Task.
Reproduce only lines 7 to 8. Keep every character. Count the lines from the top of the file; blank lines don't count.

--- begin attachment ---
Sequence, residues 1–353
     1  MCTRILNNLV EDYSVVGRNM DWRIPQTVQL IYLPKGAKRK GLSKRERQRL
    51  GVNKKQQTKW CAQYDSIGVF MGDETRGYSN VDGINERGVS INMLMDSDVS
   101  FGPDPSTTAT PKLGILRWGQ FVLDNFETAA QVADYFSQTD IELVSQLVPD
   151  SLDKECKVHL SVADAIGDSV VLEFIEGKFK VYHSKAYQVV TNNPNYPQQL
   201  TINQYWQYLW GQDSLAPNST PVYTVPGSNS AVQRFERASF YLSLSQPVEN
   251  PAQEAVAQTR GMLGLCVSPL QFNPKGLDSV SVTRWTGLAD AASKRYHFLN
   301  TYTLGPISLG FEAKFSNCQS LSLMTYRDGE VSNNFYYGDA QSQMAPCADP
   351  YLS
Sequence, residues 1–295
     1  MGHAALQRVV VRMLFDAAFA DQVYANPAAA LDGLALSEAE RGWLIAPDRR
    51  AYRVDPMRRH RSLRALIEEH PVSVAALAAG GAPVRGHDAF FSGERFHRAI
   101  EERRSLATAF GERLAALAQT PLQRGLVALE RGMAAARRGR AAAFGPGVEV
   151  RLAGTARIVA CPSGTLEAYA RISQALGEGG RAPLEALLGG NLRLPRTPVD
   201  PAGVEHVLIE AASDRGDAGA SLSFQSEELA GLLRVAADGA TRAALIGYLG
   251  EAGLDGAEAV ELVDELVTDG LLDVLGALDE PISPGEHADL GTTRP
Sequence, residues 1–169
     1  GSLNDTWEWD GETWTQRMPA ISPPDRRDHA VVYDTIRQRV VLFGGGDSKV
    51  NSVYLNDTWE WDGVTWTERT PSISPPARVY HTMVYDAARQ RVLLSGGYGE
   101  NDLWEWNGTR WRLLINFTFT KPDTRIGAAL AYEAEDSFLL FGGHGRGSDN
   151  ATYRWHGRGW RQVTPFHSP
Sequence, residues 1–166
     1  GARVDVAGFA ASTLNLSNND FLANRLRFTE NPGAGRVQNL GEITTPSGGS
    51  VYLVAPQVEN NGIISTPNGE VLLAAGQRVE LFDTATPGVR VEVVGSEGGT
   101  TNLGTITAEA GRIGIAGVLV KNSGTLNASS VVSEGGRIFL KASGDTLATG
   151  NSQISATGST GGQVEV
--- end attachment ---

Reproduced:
   251  PAQEAVAQTR GMLGLCVSPL QFNPKGLDSV SVTRWTGLAD AASKRYHFLN
   301  TYTLGPISLG FEAKFSNCQS LSLMTYRDGE VSNNFYYGDA QSQMAPCADP